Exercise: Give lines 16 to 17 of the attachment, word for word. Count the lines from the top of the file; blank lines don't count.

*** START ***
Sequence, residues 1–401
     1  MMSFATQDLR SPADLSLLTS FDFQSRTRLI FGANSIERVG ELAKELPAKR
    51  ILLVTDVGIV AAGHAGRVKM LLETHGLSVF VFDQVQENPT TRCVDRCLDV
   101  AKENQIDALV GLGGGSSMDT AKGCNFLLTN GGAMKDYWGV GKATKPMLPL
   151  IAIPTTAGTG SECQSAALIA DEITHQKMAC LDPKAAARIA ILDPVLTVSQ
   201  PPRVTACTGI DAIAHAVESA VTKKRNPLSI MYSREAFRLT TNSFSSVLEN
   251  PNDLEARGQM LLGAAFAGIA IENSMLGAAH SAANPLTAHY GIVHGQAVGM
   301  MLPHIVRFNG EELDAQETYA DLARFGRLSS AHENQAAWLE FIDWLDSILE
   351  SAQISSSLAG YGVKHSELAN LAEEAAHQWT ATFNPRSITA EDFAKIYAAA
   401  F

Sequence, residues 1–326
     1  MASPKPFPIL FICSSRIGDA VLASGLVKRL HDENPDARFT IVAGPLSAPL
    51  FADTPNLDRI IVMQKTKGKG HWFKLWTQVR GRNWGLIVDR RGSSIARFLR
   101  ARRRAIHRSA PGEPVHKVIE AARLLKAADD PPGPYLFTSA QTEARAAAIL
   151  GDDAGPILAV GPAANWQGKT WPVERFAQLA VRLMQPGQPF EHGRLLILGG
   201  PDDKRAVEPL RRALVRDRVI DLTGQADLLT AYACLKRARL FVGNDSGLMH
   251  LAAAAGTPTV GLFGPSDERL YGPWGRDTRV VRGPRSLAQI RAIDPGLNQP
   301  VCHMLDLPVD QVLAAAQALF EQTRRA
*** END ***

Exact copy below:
   201  PDDKRAVEPL RRALVRDRVI DLTGQADLLT AYACLKRARL FVGNDSGLMH
   251  LAAAAGTPTV GLFGPSDERL YGPWGRDTRV VRGPRSLAQI RAIDPGLNQP